Why Marine Le Pen Turned on Her Right-Hand Man

Marine Le Pen, the leader of France's National Front, makes a speech in the European Parliament in Strasbourg, November 25, 2015
Marine Le Pen, the leader of France’s National Front, makes a speech in the European Parliament in Strasbourg, November 25, 2015 (European Parliament)

Florian Philippot’s ouster from the National Front makes political sense.

Philippot was for years Marine Le Pen’s right-hand man. Together they transformed the reactionary party, which has deep roots in the French Algerian exile community, into a broad Euroskeptic and nativist force that could appeal to rust-belt voters.

They de-demonized the National Front. Le Pen won 34 percent support in this year’s presidential election, doubling her father’s record from fifteen years earlier.

But it still wasn’t enough. Read more

Catalan Referendum Animates Flemish, Leaves Dutch Cold

View of Antwerp, Belgium, March 28, 2014
View of Antwerp, Belgium, March 28, 2014 (Visit Flanders)

The Dutch aren’t sure what to make of Catalonia’s independence bid. Only in the last few days have their news media started paying attention to what’s happening in the region.

Flemish media are more interested. Maybe because they have pragmatically managed their differences with the French-speaking Walloons for decades and are wondering why the Catalans and Spanish can’t do the same? Read more

Iraq’s Kurds Deserve the West’s Support for Their Own State

View of Irbil, the capital of Iraqi Kurdistan, May 10, 2011
View of Irbil, the capital of Iraqi Kurdistan, May 10, 2011 (James Gordon)

Western countries are falling into the familiar habit of discouraging Kurdish self-determination.

American and European officials have urged Iraq’s Kurds to delay their independence referendum, scheduled for next Monday.

The reasons are by now well-known: a Kurdish state would anger the Turks, destabilize Iraq and complicate the war against the self-proclaimed Islamic State.

All of which is true, but there will always be a reason to deny the Kurds self-rule. They have been stateless for generations. If it isn’t Turkish apprehensions today, it will be fears of an Iranian-Turkish condominium tomorrow.

The Kurds, one of the most progressive people in the Middle East, deserve better. Read more

Trump Treats Foreign Policy Like Reality TV

American president Donald Trump waits to address the United Nations General Assembly in New York, September 19
American president Donald Trump waits to address the United Nations General Assembly in New York, September 19 (UN/Eskinder Debebe)

American president Donald Trump has made a decision about the future of the Iran nuclear deal — but he isn’t sharing it with anyone yet.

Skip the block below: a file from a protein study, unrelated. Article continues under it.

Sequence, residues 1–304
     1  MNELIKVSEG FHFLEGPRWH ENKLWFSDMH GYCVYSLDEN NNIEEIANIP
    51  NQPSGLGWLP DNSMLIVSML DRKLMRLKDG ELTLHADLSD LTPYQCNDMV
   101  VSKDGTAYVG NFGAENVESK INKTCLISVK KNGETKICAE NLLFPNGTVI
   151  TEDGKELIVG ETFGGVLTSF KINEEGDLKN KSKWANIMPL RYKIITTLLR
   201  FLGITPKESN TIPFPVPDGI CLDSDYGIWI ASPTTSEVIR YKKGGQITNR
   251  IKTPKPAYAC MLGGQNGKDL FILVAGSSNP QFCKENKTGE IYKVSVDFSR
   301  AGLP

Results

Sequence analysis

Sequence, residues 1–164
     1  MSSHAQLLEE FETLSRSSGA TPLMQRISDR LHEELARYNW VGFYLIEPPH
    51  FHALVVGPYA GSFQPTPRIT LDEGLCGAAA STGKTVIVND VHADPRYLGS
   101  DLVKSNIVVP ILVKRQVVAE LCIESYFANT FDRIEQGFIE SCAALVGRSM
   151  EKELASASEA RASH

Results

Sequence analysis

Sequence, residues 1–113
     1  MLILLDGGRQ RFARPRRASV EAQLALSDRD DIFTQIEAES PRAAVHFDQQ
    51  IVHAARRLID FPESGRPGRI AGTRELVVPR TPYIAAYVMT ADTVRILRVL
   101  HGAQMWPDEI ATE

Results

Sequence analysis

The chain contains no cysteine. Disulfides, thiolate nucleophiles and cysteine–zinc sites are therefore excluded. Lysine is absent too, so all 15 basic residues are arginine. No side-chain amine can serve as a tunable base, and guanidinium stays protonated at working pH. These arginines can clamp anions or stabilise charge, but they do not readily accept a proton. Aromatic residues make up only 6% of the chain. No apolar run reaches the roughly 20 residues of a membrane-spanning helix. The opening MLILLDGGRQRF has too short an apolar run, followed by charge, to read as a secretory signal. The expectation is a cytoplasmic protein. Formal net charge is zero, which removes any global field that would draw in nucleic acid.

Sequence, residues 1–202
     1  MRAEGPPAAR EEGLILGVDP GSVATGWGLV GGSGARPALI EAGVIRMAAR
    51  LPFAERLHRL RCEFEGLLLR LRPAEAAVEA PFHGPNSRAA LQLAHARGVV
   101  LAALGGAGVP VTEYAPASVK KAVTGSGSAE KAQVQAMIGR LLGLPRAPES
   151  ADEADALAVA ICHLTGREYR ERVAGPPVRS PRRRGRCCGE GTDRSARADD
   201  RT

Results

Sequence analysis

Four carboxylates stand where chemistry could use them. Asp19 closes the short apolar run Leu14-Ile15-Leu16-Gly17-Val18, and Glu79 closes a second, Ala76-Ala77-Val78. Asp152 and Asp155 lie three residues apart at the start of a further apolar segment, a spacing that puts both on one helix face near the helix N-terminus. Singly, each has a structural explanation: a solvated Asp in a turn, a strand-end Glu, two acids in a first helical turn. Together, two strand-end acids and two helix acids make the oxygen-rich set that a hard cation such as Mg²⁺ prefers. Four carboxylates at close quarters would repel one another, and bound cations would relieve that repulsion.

Secretary of State Rex Tillerson confirmed on Wednesday that the president has made up his mind. But he also revealed that Trump had refused to share his decision even with America’s closest allies.

“Prime Minister [Theresa] May asked him if he would share it with her. He said no,” Tillerson said.

What is this, a cliffhanger? Read more

Subscribe to Our Weekly Newsletter

Receive our best stories in your inbox every Wednesday. Click here to learn more or enter your details below to sign up.

Spanish Raids, Arrests Cross “Red Line”: Puigdemont

Oriol Junqueras and Carles Puigdemont, the leaders of the Catalan ruling party, deliver a news conference in Barcelona, Spain, March 1
Oriol Junqueras and Carles Puigdemont, the leaders of the Catalan ruling party, deliver a news conference in Barcelona, Spain, March 1 (Generalitat de Catalunya/Rubén Moreno)

Spain has “crossed a red line,” Catalan president Carles Puigdemont said after gendarmerie raided offices of his regional government in Barcelona and arrested a dozen civil servants.

“On October 1, we are called to defend democracy from a repressive and intimidating regime,” Puigdemont told Catalans in a televised speech.

He argued that the actions of the Spanish state, which considers a planned independence vote illegal, are “totalitarian” and amount to the suspension of Catalan home rule. Read more

Social Democrats in Germany Make Same Mistake as Dutch

German Social Democratic Party leader Martin Schulz makes a speech in Munich, September 14
German Social Democratic Party leader Martin Schulz makes a speech in Munich, September 14 (Bayern SPD)

Germany’s Social Democrats are making the same mistake as the Dutch Labor Party, I argue in the Netherlands’ NRC newspaper this week.

Like Labor, which went down from 25 to 6 percent support in the most recent election, the Social Democrats are trying to appeal to both working- and middle-class supporters. It is that indecision that is turning both groups away from them.

College-educated voters in the city see the benefits of open borders in Europe and free trade with the rest of the world. Low-skilled workers and small towns feel the downsides. Progressives obsess about gay rights and gender issues that animate few blue-collar voters. Read more